Metals Stocks: Gold prices end higher amid U.S.-China tensions, but post a weekly decline
For week, gold falls, but silver climbs
Gold prices ended higher on Friday as testiness between the U.S. and China fed risk-off sentiment, drawing investors into assets considered to be havens, including government debt and the Japanese yen.
However, analysts said continuing plans to reopen economies that have been frozen by the COVID-19 pandemic and hope for remedies for the virus have limited the upside in precious metals, sending gold lower for the week.
Gold for June delivery on Comex
rose $13.60, or 0.8%, to settle at $1,735.50 an ounce, after the yellow metal dropped 1.7% on Thursday marking its first decline three sessions. Front-month contract prices saw a weekly loss of 1.2%, according to FactSet data.
Meanwhile, July silver
added 32.9 cents, or 1.9%, at $17.693 an ounce, after falling 3.7% in the previous session. Prices were up nearly 3.7% for the week.
China moved to impose new national-security laws on Hong Kong. The proposed laws would challenge the semiautonomous country’s governance and appeared to draw a swift rebuke from the U.S.
The Wall Street Journal on Thursday reported that U.S. senators were introducing a bipartisan bill that would sanction Chinese officials and entities who enforce the new Hong Kong laws, and penalize banks that do business with the entities.
With the crisis in Hong Kong picking up, stock markets in Asia and the U.S. declined, resulting in “safe haven buying for both gold and silver,” said James Hatzigiannis, chief market strategist at Ploutus Capital Advisors.
The “U.S. has threatened a very harsh retaliation if China challenges Hong Kong’s autonomy, which then could lead to U.S. implementing more tariffs,” he told MarketWatch. Those tensions aren’t likely to influence gold for long as the market tends to overreact once news hits, but Hatzigiannis said he expects gold prices to go up regardless of that.
Elevated tensions in Asia were reflected in a more than 5% tumble in Hong Kong’s Hang Seng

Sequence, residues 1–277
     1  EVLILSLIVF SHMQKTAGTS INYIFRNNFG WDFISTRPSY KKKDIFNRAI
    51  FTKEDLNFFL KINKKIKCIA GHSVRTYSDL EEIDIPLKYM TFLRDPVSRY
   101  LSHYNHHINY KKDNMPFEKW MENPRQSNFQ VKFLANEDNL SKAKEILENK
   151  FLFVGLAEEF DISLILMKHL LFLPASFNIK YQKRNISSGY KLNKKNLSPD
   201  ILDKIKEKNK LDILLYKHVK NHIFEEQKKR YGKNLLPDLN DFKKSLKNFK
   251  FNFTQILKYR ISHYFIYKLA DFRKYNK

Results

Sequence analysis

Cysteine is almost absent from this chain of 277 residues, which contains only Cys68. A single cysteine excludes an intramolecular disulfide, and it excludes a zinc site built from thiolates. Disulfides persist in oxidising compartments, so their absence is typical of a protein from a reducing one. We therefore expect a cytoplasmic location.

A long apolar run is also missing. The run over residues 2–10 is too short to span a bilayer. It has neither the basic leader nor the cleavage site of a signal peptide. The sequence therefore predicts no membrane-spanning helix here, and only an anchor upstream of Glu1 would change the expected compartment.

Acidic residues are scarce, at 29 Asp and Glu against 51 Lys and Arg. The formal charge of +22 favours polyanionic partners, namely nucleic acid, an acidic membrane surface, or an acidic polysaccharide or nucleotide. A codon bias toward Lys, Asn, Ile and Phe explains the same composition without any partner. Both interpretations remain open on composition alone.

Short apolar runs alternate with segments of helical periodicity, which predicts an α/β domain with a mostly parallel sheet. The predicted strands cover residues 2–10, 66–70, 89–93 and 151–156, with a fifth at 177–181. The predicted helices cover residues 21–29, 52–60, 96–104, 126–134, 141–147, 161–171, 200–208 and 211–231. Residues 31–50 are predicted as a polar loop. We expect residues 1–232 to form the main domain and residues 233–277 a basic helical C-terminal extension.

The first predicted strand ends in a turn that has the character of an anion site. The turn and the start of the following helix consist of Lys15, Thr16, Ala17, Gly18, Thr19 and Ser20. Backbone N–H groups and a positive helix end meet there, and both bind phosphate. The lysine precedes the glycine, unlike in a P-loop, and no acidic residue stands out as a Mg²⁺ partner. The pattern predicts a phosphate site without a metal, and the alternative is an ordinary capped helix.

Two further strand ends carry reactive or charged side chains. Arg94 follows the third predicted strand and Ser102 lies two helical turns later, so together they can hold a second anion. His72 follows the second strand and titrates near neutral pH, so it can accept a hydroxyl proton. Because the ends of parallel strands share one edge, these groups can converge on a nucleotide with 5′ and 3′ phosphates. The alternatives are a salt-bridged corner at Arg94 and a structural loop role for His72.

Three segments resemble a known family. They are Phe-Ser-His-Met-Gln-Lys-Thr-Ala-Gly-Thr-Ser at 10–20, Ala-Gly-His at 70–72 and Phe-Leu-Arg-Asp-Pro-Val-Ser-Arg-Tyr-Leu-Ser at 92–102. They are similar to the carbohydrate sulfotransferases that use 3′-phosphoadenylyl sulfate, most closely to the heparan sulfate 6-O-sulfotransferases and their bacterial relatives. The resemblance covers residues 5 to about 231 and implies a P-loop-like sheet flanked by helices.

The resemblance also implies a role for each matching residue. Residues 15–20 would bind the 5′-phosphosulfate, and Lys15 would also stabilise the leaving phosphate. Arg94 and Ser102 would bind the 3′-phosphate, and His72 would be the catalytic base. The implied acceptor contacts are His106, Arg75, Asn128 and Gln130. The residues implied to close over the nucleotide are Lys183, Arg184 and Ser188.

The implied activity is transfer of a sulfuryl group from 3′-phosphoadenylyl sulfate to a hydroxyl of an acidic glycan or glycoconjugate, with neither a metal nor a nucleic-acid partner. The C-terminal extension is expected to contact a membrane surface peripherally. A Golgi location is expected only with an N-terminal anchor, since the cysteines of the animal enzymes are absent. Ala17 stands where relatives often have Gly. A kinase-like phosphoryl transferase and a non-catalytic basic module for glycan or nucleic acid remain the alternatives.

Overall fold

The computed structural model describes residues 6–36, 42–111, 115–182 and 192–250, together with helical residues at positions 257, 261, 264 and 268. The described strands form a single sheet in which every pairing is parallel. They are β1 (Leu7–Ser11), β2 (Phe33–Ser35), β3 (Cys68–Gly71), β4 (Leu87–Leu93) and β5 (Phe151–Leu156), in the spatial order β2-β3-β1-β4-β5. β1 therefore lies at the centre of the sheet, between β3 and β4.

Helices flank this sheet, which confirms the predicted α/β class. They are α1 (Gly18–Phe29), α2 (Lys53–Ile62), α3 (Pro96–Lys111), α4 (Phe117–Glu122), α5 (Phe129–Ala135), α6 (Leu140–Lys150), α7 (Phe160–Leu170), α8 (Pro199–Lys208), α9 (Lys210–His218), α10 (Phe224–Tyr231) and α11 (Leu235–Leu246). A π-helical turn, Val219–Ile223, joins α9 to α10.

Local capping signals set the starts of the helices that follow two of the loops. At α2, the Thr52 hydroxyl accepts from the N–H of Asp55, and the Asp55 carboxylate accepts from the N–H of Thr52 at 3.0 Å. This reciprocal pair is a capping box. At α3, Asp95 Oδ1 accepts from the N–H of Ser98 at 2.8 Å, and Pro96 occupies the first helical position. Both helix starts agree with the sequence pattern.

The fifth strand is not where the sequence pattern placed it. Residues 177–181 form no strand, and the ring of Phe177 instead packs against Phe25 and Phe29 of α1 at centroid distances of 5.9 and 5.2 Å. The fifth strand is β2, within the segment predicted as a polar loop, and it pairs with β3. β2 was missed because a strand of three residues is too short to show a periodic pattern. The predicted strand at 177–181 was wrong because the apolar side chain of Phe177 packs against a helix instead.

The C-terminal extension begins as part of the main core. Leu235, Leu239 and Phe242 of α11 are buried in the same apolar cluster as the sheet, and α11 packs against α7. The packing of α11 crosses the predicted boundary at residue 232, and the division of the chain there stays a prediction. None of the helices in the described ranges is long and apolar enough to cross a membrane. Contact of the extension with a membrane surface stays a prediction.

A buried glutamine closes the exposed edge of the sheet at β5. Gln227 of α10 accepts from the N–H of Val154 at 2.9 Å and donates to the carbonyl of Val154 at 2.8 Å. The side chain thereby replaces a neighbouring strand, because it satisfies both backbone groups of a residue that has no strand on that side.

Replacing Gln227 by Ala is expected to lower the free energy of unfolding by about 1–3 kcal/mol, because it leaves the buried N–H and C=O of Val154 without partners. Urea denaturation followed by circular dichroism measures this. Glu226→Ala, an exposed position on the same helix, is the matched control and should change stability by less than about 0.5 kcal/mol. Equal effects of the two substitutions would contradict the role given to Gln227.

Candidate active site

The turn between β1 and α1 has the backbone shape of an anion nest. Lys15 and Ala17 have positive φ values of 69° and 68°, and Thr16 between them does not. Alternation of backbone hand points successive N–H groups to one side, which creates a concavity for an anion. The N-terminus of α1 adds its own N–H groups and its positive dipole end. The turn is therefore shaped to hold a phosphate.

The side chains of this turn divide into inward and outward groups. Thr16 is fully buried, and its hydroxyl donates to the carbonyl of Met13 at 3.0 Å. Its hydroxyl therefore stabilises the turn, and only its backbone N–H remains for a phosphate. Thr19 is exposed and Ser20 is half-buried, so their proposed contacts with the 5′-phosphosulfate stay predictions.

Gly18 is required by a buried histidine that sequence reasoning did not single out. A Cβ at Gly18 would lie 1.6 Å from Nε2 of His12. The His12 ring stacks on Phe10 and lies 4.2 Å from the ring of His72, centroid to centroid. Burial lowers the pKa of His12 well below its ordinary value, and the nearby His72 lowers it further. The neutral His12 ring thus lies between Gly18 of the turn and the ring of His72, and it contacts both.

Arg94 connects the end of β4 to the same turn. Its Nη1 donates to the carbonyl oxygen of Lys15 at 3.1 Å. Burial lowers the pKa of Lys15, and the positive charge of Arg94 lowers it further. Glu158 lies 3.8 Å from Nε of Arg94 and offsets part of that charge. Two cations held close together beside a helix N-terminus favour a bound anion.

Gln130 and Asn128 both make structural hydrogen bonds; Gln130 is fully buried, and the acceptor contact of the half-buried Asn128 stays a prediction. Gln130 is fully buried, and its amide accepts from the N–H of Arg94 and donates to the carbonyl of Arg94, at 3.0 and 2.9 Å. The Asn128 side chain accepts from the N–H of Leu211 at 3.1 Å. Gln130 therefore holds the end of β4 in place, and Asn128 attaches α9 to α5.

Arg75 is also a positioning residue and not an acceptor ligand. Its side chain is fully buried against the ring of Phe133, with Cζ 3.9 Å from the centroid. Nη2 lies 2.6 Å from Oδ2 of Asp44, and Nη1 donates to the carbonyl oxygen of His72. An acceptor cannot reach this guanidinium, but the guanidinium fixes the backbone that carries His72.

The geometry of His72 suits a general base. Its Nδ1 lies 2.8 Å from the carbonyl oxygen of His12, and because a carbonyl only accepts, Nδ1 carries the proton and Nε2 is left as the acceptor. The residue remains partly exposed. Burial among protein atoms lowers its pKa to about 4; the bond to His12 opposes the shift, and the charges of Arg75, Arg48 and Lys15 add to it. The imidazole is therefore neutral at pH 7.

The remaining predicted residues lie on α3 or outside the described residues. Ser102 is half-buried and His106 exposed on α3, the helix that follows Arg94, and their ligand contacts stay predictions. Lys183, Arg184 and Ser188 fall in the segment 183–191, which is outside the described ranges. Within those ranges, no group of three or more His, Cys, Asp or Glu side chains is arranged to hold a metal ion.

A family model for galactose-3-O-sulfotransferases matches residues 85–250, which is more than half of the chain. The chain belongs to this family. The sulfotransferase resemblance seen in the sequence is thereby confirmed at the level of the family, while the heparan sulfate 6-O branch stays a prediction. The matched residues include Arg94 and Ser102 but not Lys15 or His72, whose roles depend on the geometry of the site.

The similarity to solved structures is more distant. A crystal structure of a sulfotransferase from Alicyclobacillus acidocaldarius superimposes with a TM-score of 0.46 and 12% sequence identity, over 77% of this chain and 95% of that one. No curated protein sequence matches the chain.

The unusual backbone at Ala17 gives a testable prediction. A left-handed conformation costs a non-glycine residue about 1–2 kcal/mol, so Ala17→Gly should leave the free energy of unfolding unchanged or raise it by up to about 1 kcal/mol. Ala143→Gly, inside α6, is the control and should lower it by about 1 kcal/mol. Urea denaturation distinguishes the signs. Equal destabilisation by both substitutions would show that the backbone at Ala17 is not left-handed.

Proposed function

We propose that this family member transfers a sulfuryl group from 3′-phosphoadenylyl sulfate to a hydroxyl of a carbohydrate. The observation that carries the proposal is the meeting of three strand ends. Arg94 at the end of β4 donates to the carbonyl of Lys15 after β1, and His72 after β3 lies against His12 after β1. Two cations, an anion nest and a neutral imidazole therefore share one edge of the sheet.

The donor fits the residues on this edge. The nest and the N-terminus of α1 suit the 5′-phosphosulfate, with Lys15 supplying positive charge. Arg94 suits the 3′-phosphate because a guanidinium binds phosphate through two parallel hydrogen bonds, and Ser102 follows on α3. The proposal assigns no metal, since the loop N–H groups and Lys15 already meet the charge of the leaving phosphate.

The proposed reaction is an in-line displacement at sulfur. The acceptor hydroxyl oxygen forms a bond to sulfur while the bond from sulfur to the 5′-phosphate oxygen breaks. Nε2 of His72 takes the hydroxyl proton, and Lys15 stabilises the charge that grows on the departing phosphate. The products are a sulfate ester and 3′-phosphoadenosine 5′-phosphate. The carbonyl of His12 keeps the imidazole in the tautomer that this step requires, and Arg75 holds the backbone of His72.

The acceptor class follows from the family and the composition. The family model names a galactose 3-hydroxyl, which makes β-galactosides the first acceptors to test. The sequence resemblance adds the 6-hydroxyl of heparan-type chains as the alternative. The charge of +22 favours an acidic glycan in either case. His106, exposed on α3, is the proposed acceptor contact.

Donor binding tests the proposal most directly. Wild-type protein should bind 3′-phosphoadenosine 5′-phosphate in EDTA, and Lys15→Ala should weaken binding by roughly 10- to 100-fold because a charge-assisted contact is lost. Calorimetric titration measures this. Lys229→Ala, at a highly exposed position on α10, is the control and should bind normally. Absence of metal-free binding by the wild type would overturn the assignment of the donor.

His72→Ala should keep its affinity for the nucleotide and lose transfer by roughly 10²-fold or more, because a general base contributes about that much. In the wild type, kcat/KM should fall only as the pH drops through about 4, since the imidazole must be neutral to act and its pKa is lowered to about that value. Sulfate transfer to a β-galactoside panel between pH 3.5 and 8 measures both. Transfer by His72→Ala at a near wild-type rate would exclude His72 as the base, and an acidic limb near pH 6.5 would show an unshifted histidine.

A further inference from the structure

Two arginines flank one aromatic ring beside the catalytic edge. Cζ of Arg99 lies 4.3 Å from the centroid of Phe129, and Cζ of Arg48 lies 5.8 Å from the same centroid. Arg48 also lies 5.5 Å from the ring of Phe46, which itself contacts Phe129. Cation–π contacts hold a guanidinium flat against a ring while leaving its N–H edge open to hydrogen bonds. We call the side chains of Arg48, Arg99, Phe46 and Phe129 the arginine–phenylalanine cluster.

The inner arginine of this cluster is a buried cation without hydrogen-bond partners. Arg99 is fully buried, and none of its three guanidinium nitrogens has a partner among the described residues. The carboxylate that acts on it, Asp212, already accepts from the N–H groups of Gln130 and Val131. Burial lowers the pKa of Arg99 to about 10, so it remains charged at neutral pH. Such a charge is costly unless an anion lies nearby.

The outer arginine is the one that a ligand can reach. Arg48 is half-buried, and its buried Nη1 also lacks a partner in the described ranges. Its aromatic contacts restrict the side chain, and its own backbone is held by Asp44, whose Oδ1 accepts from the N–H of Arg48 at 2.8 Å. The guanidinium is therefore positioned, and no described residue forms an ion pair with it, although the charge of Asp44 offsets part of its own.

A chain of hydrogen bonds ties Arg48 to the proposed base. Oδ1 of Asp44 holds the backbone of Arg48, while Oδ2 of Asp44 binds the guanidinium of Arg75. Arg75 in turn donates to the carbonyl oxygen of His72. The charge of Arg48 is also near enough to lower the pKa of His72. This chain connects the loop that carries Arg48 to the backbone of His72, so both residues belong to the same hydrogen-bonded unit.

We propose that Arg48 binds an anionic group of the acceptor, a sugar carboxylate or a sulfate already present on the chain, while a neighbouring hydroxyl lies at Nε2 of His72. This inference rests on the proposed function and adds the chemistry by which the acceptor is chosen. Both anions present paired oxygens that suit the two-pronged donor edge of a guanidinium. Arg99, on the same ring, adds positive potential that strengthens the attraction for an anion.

the worst day since 2015.
“Traders around the world are playing the waiting game to see details of the new Hong Kong law to gauge how severe the terms are,” Stephen Innes of AxiCorp said in a commentary.
The bill proposal comes amid heightened friction between the Trump administration and the China, with Beijing being blamed for mishandling the coronavirus, which was first identified in Wuhan in December and has infected more than 5.1 million people globally.
Against the backdrop, safe-haven assets, including the 10-year Treasury note
have been drawing bids, pushing prices for government paper up and yields lower. The 10-year note was most recently yielding 0.661%, compared with 0.677% Thursday afternoon. Lower yields can also help push investors into bullion which doesn’t offer a yield.
Meanwhile, the yen
was up slightly against the U.S. dollar changing hands at 107.58, but the buck overall was gaining 0.4% versus a basket of a half-dozen rival currencies, including the yen, as gauged by the ICE Dollar Index
A stronger dollar can cap gains in asset priced in the monetary unit like gold because it makes them more expensive to buyers using other currencies.
Among other metals traded on Comex, July copper
lost 1.9% to $2.3865 a pound, but ended 2.4% higher for the week, FactSet data show. July platinum
added 2.3% to $886.30 an ounce, building a weekly rise of about 8.5%, while June palladium
fell by 4.1% to $1,977.10 an ounce, still 6.4% higher for the week.